It seems that I may no longer have to answer the question, “Why are you doing a case study of Filipinos?” Ever since the 2006 Census showed that Filipinos were the largest immigrant group entering the country, there has been increased interest in the status of the Filipino population in Canada, with a major focus on those who have entered the country under the Live-in Caregiver Program (LCP). It’s gotten to the point that to say you’re working with the Filipino population is to invite harassment at parties by people wanting to know why nannies aren’t allowed to bring their family members to Canada with them (an excellent question, but one outside of my field of study).

In June, the Vancouver Sun featured a special five-part series on Filipinos in BC, trying to paint a broader picture of the Filipino population than their reputation as “nannies and maids”. However, the articles succeeded only in painting a somewhat grim picture of the challenges new immigrants face, even well-educated Filipinos who are usually fluent in English. Many of the more recent Filipino arrivals came to Canada on temporary worker visas. This program started in 2001 and was intended to fill labour shortages in technology, such as jobs in the burgeoning oil sands in Alberta. It was then extended to all kinds of other areas such as nursing, trucking, construction, fast food industry, and retail. There have been complaints about the program as it is vulnerable to human rights abuses, although some temporary workers may now apply for permanent residency after two years. Still, as I found out during my fieldwork in Toronto, Canada offers a better deal than other countries: it takes ten years to qualify for residency in Germany and in Saudi Arabia, it is impossible to get permanent residency. There are many other challenges for newcomers, which is why many choose to move to the major cities, where substantial Filipino populations, cultural associations, and community groups can provide support.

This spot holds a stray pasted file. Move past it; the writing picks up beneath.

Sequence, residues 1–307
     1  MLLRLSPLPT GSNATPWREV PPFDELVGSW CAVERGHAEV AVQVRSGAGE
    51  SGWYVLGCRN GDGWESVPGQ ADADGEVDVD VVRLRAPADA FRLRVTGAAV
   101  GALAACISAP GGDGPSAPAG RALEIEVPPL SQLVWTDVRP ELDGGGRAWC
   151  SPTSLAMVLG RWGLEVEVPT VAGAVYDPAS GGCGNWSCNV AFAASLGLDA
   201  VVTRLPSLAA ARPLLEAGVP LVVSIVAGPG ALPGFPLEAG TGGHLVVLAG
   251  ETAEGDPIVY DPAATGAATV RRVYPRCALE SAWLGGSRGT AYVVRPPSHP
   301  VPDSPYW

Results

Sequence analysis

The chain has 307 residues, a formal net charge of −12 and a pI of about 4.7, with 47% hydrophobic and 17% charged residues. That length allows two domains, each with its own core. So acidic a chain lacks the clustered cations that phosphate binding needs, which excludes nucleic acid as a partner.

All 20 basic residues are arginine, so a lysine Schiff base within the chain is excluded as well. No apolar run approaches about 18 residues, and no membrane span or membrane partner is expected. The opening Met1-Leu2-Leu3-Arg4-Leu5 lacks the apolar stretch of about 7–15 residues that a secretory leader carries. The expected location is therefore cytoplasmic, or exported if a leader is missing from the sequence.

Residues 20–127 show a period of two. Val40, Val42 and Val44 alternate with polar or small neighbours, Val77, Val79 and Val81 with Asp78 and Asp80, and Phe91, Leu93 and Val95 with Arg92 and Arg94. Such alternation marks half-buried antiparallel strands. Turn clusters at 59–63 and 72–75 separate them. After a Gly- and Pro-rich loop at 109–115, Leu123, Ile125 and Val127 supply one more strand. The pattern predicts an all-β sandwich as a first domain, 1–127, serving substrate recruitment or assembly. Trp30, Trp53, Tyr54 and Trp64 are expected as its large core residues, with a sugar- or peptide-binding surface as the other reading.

As many of you know, my dissertation focuses on the housing and transportation choices of Filipino immigrants in Toronto. I am particularly interested in how these choices have changed over time as the city grew and changed. What kinds of jobs did new immigrants find when they entered the country? Where did they live? How did they travel? Structural changes in immigration policy have played a key role in these choices, such as the introduction of family class sponsorship in the 1970s, the creation of the LCP in the 1980s, and the temporary worker category in the 2000s. I will be writing more on my dissertation topic as I finish up my data analysis in the next few months.

Leave a Reply